Something caught the eye of Stef Lhermitte last week, while he was looking through satellite images of the Greenland’s Petermann Glacier. Almost by coincidence he saw a new thin line, as he was going through ESA Sentinel-1 images for research on melt. He checked other satellite images, and saw the line first appear on July 2016, apparently unnoticed until then. In a series of five tweets, Lhermitte shared his discovery, hoping someone might be able to shed some light.
.@Petermann_Ice @AndreasMuenchow @glacier_doc @CopernicusEU @ESA_EO Sentinel-2 satellite time series show this new crack for the first time in July 2016. It has been growing since then. 2/5 pic.twitter.com/5dIiLs8kX9— Stef Lhermitte (@StefLhermitte) April 12, 2017
.@Petermann_Ice @AndreasMuenchow @glacier_doc @CopernicusEU @ESA_EO The internal crack growth is clearly visible in this Sentinel-1 time series, also during polar night. 3/5 pic.twitter.com/AKY2czWFtR— Stef Lhermitte (@StefLhermitte) April 12, 2017
.@Petermann_Ice @AndreasMuenchow @glacier_doc @CopernicusEU @ESA_EO So is ocean forcing playing its role here, similar to the basal crevasses in the center of @AntarcticPIG ? https://t.co/8IDw96BLco 4/5— Stef Lhermitte (@StefLhermitte) April 12, 2017
The final flight
The tweets were noticed by Tom Wagner, head of polar research at NASA, who contacted his colleague Joe MacGregor in Greenland. MacGregor was in Greenland leading a research campaign called Operation IceBridge, which makes low-level flights over Greenland and Antarctica's ice sheets to create 3-D views of the ice.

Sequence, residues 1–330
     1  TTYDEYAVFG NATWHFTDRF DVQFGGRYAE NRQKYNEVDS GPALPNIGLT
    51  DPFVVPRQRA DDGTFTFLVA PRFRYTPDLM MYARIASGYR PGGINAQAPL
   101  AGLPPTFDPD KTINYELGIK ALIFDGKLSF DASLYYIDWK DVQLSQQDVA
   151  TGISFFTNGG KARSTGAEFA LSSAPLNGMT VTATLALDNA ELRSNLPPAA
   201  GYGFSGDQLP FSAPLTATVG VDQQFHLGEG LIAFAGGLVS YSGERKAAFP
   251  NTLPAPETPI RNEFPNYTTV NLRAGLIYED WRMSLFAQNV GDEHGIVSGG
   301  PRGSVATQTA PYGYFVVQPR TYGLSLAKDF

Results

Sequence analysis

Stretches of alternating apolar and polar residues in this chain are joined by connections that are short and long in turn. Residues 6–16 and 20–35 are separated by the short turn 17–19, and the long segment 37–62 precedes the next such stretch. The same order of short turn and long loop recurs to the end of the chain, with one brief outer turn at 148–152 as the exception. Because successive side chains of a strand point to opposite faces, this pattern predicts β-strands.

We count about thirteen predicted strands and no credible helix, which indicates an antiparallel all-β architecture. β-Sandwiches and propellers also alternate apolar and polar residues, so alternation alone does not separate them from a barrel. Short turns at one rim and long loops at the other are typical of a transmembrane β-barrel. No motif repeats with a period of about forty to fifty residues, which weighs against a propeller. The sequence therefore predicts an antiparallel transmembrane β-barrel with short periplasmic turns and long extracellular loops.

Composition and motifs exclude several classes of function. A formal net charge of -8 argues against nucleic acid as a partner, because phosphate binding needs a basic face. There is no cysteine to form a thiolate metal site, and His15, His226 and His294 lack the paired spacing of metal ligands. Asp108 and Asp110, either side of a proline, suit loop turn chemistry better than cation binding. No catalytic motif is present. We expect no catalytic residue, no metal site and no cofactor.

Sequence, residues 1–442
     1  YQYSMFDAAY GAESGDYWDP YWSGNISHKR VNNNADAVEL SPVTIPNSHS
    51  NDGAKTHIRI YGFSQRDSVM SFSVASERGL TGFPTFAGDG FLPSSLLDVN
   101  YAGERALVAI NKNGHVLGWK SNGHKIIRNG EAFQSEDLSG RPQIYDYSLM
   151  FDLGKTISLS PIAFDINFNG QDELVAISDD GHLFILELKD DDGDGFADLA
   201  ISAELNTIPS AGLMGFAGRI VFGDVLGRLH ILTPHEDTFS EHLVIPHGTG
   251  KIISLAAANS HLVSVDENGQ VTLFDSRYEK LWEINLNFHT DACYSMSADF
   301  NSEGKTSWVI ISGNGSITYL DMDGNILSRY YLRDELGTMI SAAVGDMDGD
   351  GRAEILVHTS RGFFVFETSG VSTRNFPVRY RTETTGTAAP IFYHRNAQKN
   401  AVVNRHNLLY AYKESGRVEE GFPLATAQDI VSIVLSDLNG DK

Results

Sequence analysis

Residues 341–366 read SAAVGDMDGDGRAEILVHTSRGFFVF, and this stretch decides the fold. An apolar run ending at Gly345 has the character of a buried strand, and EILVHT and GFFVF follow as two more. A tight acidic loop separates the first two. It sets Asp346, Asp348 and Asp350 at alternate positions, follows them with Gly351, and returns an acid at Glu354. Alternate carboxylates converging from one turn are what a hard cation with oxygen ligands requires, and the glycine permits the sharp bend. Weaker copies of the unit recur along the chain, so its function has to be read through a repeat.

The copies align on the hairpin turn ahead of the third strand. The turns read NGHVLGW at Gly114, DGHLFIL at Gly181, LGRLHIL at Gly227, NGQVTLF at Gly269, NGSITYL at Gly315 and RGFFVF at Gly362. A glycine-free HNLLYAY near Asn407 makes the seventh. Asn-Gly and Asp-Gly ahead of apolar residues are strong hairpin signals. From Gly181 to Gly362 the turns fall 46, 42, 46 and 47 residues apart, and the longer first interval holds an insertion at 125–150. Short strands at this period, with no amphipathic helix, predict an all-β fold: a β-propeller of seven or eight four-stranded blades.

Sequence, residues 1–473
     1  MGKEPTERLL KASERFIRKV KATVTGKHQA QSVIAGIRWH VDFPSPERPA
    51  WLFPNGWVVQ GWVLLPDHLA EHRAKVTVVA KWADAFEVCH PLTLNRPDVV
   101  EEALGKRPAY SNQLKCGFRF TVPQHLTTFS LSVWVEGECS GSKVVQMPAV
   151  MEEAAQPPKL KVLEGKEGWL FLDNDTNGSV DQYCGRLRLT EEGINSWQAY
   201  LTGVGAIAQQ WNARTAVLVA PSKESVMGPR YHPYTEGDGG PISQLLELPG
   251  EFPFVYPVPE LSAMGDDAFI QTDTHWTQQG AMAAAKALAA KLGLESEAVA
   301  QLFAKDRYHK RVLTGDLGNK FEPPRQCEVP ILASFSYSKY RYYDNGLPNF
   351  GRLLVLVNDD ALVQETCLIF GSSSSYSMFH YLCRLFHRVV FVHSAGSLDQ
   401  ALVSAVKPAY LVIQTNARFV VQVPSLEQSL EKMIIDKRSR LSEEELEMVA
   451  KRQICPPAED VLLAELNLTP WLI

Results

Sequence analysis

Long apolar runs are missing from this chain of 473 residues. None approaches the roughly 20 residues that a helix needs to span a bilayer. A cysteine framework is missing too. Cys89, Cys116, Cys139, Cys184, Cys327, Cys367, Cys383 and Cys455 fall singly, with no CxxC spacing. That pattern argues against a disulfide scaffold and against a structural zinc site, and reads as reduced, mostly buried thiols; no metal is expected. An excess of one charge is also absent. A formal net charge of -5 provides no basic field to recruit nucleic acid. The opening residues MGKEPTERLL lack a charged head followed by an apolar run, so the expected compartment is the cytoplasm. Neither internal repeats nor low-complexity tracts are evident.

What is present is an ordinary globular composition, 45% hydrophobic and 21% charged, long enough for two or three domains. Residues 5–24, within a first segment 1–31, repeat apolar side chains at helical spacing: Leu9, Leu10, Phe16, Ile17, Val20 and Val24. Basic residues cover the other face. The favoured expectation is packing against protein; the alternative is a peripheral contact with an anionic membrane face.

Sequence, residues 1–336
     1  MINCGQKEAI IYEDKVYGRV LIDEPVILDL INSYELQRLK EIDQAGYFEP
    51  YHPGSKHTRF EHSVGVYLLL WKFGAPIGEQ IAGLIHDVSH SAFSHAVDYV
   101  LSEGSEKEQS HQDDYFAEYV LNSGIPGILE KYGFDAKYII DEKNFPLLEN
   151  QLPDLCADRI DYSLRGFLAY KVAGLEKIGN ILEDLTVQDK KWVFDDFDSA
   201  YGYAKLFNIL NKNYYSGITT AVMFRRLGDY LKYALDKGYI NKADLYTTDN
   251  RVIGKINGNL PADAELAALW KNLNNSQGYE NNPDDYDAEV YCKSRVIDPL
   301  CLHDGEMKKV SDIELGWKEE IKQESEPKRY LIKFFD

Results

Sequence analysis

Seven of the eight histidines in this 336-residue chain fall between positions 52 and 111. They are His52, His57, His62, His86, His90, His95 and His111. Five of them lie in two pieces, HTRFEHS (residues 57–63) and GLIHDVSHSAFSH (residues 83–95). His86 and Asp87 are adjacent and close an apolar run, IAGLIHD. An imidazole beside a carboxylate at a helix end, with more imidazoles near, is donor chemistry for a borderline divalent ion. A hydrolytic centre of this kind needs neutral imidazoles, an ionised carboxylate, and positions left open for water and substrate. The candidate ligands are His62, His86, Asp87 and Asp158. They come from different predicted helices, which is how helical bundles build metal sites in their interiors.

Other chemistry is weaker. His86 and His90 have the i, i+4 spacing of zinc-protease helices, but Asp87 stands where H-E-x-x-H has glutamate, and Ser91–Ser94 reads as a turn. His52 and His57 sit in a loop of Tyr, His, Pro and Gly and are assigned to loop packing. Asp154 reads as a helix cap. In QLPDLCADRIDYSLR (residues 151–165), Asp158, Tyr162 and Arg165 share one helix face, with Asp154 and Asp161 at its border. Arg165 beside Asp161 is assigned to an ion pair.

No images had been made of the area indicated by Lhermitte, but as luck would have it, one final flight was planned over the glacier the next day. As the crack was only a short distance away from the planned trajectory, they flew over that area, confirming the existence of the crack, and at the same time mapping it in greater detail.
A new crack in one of Greenland’s largest glaciers is worrying, especially this newly discovered one, as it lies a great deal further ‘upstream’ in the glacier than other cracks. The further away, the more unstable the underlying layer of ice, should pieces break off.
The glacier acts like a barrier between the ice sheet and the ocean. Retreat of the glacier could lead to more large chunks of ice breaking off into the ocean, causing less ‘resistance’ by the glacier and more melt of land ice, contributing to sea level rise.
The tweets of Lhermitte also drew attention from Washington Post journalist Chris Mooney, who wrote two articles on the topic:
- Scientists just found a strange and worrying crack in one of Greenland’s biggest glaciers (14 April)
- NASA just snapped the first photos of a mysterious crack in one of Greenland’s largest glaciers (15 April)
After that, several other international media outlets picked up on the news, among which the Daily Mail:
- Nasa captures first images of a 'worrying' new crack that has appeared on one of Greenland's largest glaciers (17 April)